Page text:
Course Syllabus

10 sessions


1A Hoang Dieu, Ward 10, Phu Nhuan, HCMC   View map



This course will address matters related to long-term economic growth, as well as related issues in inequality (the distribution of income and wealth) and poverty that ultimately contribute to sustainable development. One of the major problems associated with development are the low-incomes of today’s developing countries. For most poor countries growth constitutes the principal avenue via which poverty can be reduced, as growth provides greater opportunities and enlarges the economic pie. Another, related, issue concerns distributive justice, both at the national level and between nation states. Excessive inequality can undermine societal cohesion and human security. Today’s rich countries are affluent because they historically grew faster than the poor nations of the world. The study of the causes of rapid growth is, therefore, important. Is growth driven merely by physical capital accumulation through savings? Or are ideas and human capital accumulation equally important? Does greater income or wealth inequality hinder or foster growth? Is the lack of rapid growth a consequence of the failure of policies being coordinated between different branches of the economy? Ultimately, are there are other factors that determine long-term growth besides policies: geography, endowments, institutional quality (governance and democracy), cultural (religious) character and internal conflict? What is the difference between growth trickling down to the indigent and destitute, and genuinely pro-poor growth. We are constantly being told that increased international trade and openness is key to economic success. But, does trade benefit all countries equally? Is trade between the North and the South less advantageous for the South? Also, trade is meant to be an engine of growth, but has growing trade in our globalized era brought average incomes in the world closer together or further apart? In addition to the theory and empirical evidence connected with the issues enumerated above, students will become familiar with the analytical tools required to apply these and other issues towards more detailed case studies, and comparative analyses.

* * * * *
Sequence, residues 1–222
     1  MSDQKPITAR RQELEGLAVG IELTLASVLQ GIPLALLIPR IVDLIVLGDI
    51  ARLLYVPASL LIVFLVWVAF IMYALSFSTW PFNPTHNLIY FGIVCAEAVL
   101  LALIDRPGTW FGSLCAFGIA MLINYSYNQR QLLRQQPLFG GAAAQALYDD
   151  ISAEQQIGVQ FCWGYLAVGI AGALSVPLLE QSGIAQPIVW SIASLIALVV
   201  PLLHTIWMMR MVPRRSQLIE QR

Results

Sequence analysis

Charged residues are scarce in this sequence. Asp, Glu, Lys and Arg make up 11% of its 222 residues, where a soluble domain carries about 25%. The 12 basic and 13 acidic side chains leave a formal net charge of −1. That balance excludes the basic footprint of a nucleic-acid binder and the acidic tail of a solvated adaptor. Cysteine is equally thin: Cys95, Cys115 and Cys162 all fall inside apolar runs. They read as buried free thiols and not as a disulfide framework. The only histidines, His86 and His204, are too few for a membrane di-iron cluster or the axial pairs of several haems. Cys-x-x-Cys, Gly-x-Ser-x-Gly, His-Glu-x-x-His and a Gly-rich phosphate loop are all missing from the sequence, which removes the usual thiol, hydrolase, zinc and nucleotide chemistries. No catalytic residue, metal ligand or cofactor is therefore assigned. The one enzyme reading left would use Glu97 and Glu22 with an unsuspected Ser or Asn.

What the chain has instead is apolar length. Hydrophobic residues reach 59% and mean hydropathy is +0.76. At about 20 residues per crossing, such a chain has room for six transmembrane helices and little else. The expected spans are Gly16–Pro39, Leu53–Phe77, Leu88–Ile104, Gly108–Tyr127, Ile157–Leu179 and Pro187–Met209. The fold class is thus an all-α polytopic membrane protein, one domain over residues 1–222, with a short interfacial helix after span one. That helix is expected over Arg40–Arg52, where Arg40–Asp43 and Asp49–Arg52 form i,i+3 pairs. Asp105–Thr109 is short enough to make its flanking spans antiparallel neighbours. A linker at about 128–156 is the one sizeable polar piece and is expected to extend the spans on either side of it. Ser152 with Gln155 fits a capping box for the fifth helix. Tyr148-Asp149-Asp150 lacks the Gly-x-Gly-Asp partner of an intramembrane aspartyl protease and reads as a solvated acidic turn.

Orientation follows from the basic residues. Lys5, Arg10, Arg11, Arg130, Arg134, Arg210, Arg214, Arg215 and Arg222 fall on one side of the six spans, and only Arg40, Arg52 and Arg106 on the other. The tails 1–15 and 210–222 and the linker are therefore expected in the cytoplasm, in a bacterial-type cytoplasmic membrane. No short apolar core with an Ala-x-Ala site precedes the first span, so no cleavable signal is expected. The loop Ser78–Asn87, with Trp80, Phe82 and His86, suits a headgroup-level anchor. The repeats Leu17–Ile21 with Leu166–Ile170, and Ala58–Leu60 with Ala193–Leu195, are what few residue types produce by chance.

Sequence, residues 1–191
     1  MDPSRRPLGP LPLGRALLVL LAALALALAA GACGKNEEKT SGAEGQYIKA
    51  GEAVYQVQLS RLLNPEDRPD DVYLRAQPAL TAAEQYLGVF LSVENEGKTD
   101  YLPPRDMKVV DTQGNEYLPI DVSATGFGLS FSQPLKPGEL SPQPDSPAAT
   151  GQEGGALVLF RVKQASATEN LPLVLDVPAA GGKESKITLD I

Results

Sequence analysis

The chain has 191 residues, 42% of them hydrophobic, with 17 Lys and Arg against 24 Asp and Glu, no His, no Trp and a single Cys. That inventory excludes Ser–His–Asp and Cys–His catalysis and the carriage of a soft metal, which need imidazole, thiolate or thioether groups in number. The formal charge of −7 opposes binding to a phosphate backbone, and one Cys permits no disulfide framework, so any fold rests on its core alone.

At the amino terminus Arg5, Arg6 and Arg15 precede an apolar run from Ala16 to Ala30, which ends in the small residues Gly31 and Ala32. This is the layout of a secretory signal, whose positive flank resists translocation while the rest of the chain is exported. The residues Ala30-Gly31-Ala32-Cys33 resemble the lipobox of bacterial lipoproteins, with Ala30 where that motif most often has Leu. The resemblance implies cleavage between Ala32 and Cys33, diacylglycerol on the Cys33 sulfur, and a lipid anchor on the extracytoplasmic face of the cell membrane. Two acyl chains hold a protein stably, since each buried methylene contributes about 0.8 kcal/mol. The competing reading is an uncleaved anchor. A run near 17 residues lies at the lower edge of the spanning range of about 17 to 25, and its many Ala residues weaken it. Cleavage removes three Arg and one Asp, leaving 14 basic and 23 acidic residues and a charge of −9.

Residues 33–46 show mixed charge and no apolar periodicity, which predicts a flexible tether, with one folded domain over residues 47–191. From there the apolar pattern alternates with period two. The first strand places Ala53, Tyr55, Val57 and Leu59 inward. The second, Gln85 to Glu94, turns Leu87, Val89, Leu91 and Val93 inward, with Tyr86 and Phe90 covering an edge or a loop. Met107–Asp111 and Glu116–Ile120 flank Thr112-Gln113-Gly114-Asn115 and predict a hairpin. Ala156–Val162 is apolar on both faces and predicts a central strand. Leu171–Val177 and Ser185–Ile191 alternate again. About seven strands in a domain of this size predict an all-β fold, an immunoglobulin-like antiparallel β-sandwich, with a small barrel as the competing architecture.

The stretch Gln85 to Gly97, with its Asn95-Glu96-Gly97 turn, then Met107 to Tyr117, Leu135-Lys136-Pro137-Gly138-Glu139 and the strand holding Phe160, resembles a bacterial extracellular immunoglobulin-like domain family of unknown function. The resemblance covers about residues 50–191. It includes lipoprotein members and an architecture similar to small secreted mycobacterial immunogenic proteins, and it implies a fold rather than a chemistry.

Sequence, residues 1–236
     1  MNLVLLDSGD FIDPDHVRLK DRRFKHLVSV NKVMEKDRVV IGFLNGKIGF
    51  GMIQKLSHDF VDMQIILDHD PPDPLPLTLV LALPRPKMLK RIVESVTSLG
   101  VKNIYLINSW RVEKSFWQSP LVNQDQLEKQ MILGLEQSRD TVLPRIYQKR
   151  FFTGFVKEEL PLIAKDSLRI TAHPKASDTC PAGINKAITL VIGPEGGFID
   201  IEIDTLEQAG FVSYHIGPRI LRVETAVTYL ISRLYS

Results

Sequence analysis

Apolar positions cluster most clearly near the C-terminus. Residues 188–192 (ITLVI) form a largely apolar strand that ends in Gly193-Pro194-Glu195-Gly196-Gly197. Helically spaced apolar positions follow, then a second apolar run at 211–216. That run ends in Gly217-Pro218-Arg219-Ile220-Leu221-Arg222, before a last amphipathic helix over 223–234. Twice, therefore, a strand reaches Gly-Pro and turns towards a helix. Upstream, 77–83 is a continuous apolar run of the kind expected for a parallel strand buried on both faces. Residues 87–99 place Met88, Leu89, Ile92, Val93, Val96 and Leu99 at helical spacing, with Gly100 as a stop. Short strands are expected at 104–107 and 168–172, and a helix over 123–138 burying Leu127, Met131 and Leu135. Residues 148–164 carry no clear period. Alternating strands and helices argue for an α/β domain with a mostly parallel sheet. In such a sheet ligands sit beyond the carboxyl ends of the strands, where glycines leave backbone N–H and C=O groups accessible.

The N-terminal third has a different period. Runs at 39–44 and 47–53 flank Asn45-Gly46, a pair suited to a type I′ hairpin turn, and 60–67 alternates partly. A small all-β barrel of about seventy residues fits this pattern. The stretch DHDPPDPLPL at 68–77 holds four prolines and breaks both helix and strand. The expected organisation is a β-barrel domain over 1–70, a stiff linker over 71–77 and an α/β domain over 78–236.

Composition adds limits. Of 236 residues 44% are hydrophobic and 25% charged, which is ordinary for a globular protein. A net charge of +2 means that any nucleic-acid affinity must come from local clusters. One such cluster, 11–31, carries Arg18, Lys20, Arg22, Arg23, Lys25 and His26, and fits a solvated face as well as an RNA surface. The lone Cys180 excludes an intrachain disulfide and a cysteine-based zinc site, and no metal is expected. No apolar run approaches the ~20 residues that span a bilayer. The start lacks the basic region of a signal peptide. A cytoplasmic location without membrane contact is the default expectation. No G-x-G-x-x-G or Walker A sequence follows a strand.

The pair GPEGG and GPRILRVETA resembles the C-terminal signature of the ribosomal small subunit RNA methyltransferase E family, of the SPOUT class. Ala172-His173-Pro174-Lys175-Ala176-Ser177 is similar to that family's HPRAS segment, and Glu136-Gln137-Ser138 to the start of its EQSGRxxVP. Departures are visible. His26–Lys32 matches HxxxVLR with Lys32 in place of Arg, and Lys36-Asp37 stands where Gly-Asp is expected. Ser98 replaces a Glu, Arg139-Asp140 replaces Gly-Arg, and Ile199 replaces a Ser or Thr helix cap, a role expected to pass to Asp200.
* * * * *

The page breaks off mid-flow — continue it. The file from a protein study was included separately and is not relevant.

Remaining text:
Assignment: 50%, Written exam: 50%

Aghion, P., P. Howitt and L. Bursztyn (2009) Economics of Growth. Cambridge, MA: MIT Press.
Barro, R. and X. Sala i Martin (2004)
Economic Growth. (2nd edn) New York, NY: McGraw-Hill.
Helpman, E. (2004)
The Mystery of Economic Growth. Cambridge, MA: Harvard University Press.
Jones, C. I. (2013 or 2002)
Introduction to Economic Growth. (3rd or 2nd edn) New York, NY: Norton.
Ray, D. (1998) ‘Chapter 4. The New Growth Theories’ in:
Development Economics, pp. 99-123. Princeton, NJ:
Princeton University Press.
Romer, D. (2012)
Advanced Macroeconomics. (4th edn). New York, NY: McGraw-Hill.
Van den Berg, H. (2012)
Economic Growth and Development. Singapore: World Scientific.
Weil, D.N. (2012)
Economic Growth (3d. en). London: Prentice Hall.

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